Shane Lowry will be in action at The Honda Classic

The Honda Classic Odds and Predictions

The 2022-23 PGA Tour continues with the Honda Classic, running from February 23 to February 26. Hosted in Palm Beach Gardens at the PGA National Resort, about an hour and a half north of downtown Miami, the event will see 144 golfers competing to win a share of the $8.4 million prize purse.


With just three of the top 20 ranked golfers in the world—and none in the top 15—competing in Palm Beach Gardens, (No. 18 Sungjae Im, No. 19 Billy Horschel, and No. 20 Shane Lowry) the event is full of long shots, making it an intriguing bet for would-be wagerers.


Sungjae Im is favored at sportsbooks in the United Kingdom, sitting at or around +900 to win the event as of Wednesday afternoon. He won the tournament in 2020, so he’s got a better feel for the course than perhaps anyone else who entered.


Shane Lowry of Ireland has the second-best odds to win the Honda Classic (+1400). He nearly pulled off an epic comeback to do so last year, but pouring rain on the 72nd and final hole derailed his chances.


The tournament has some fascinating storylines: will Im be able to double down on his dominance at one of the toughest courses in the sport? Could Lowry avenge last year’s slight with a rebound performance? A win by any of the number of the relatively unknown golfers competing would be another story for the ages.


Other names to watch for fans from the U.K. include Luke Donald (+14000), Aaron Rai (+5500), and Matt Wallace (+12500), all of whom hail from England.


A Look at the Schedule


The slate of tee times is set to begin at 6:50 am Thursday, which is a boon to viewers from across the pond: they can tune in around noon, rather than waking up at the crack of dawn to catch the action. Temperatures will begin at a balmy 22 degrees centigrade and rise to 29 degrees throughout the day, so the earlier tee times may actually have an advantage in being able to get ahead of the heat.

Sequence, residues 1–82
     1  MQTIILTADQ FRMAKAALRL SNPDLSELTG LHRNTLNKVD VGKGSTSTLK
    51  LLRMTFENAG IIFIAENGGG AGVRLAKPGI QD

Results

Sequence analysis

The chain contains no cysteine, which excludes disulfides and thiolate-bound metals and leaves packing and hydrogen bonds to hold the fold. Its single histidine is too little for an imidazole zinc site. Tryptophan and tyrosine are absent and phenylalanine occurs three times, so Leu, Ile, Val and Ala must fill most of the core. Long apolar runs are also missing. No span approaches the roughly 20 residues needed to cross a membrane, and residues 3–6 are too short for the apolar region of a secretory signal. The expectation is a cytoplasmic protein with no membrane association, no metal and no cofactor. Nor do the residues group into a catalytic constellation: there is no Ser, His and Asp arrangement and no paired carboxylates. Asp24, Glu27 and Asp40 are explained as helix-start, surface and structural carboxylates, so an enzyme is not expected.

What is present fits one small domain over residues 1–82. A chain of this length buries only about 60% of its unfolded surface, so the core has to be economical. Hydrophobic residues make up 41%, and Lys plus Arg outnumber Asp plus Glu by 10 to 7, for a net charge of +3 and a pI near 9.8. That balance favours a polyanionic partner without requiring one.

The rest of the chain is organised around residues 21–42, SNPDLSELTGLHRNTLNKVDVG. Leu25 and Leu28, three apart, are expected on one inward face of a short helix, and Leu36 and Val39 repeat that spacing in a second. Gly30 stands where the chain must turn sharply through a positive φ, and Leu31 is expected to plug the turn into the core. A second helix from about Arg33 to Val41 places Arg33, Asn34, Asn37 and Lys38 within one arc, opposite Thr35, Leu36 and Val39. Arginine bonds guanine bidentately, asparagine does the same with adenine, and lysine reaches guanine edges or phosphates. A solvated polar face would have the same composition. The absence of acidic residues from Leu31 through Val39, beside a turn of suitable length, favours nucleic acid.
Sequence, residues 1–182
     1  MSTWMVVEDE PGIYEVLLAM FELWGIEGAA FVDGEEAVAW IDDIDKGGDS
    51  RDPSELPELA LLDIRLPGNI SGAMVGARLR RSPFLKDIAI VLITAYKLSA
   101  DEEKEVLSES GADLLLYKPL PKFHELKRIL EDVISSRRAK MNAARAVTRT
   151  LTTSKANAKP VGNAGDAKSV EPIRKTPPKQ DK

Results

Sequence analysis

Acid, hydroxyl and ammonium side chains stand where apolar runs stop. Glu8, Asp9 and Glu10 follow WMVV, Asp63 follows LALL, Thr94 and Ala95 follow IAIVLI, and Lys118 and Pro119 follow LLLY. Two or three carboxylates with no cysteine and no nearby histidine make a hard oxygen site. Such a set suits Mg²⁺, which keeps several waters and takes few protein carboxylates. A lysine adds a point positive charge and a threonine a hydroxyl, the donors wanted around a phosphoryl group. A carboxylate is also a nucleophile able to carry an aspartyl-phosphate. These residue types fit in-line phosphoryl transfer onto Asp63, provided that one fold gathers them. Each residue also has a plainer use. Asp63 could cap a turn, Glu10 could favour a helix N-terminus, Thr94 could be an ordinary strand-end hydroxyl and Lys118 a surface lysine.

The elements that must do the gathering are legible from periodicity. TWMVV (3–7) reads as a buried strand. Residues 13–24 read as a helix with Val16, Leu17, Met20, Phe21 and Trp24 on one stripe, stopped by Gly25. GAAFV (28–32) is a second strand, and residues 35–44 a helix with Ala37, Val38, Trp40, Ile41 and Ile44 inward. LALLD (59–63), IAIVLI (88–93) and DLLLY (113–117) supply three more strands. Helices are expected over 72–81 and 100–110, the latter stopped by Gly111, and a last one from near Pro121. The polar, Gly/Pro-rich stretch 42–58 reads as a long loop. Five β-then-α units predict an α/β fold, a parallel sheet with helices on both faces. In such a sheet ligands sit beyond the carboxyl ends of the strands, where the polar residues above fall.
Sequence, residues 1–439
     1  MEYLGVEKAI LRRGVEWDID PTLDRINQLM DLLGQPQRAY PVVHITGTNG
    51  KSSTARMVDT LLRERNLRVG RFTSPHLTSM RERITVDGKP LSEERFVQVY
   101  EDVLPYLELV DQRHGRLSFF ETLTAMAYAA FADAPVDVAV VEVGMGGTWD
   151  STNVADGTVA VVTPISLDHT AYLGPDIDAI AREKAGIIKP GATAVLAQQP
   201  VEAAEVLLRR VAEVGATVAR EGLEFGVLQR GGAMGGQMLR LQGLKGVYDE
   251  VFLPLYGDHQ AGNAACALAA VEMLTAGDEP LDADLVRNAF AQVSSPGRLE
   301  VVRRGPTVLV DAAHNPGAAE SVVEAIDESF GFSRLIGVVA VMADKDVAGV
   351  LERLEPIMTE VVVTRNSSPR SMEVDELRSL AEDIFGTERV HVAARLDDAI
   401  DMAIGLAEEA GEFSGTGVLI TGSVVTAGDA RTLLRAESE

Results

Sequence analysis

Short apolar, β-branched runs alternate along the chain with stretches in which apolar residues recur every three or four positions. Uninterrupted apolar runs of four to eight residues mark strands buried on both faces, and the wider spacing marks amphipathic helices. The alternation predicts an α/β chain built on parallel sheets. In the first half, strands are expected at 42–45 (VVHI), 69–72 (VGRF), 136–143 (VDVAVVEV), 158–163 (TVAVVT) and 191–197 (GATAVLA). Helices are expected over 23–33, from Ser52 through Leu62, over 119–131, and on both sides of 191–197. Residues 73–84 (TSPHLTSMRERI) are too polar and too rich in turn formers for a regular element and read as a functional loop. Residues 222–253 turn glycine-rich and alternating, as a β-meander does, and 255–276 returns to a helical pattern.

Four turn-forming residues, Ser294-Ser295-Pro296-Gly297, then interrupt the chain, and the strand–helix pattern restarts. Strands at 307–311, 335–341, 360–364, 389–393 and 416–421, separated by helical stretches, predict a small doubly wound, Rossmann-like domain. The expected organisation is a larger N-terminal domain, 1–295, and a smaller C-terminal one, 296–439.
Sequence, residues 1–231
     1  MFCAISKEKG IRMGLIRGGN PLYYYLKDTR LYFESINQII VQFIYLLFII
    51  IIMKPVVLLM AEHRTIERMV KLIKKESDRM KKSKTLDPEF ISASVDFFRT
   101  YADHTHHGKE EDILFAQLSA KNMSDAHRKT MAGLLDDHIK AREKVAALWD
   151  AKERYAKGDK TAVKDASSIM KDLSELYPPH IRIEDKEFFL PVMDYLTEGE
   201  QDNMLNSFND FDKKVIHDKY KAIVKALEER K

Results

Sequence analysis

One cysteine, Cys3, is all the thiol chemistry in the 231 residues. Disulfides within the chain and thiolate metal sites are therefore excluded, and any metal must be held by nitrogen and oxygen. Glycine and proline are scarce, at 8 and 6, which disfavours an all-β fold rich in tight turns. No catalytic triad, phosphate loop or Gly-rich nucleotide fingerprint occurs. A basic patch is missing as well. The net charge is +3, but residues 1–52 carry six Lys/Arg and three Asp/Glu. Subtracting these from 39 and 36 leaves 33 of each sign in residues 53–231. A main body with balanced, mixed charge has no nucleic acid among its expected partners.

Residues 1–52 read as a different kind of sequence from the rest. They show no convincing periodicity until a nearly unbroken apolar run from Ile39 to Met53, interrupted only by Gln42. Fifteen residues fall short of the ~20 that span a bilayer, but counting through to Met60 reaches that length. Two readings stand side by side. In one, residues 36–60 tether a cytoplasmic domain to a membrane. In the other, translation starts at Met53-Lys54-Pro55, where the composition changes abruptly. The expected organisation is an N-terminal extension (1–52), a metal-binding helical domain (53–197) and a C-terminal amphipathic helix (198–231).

That said, later tee times will know exactly how much wiggle room they have to keep pace with the rest of the field during the first day.


As of right now, the high temperature is expected to hit 29 degrees each day. The weather will be partly cloudy on Friday, giving some respite from the heat, but it’ll be sunny throughout the rest of the tournament. Winter never really happens in the Sunshine State.

What Happened to the Honda Classic?


Sandwiched between high-profile events like the Genesis Open and the Arnold Palmer Invitational, the Honda Classic hasn’t been able to pull superstars in recent years. Brooks Koepka was the last top-ten player to tee off, and that was in 2020.


It’s a far cry from the days when Rory McIlroy and Tiger Woods went head to head in Palm Beach Gardens with the title of No. 1 in the world on the line.


The Honda Classic takes place at the PGA National Resort’s marquee course, one that underwent a $4 million renovation in late 2002 before being redesigned by none other than ‘The Golden Bear’ Jack Nicklaus himself in 2014. Known as ‘The Champion,’ the course is notorious for the treacherous stretch on holes 15, 16, and 17, a length known as the Bear Trap in honor of Nicklaus.


Given its history and location in one of the biggest golfing hotbeds in the world, PGA is looking to give the event a much-needed facelift.


Andy Pazder, chief competitions and tournaments officer for the PGA Tour, told the Palm Beach Post that the schedule should open up a bit next year, giving the Tour a chance to place greater emphasis on the Honda Classic.

Another thing that could help is an upcoming rebrand. After more than four decades as the title sponsor, Honda will remove its name from the event next year. An upcoming battle between sponsors could increase the prize purse from its current value, modest by PGA standards.


When combined with more space in the schedule (PGA could move it to the end of the Florida swing so top golfers aren’t tempted to skip it for rest), a purse that’s able to compete better with the aforementioned high profile tournaments like the Phoenix Open and its $20 million prize purse.


Located in South Florida, the event will always be well attended: PGA wants to bring it back to its former glory, putting on a spectacle worthy of the pull it has.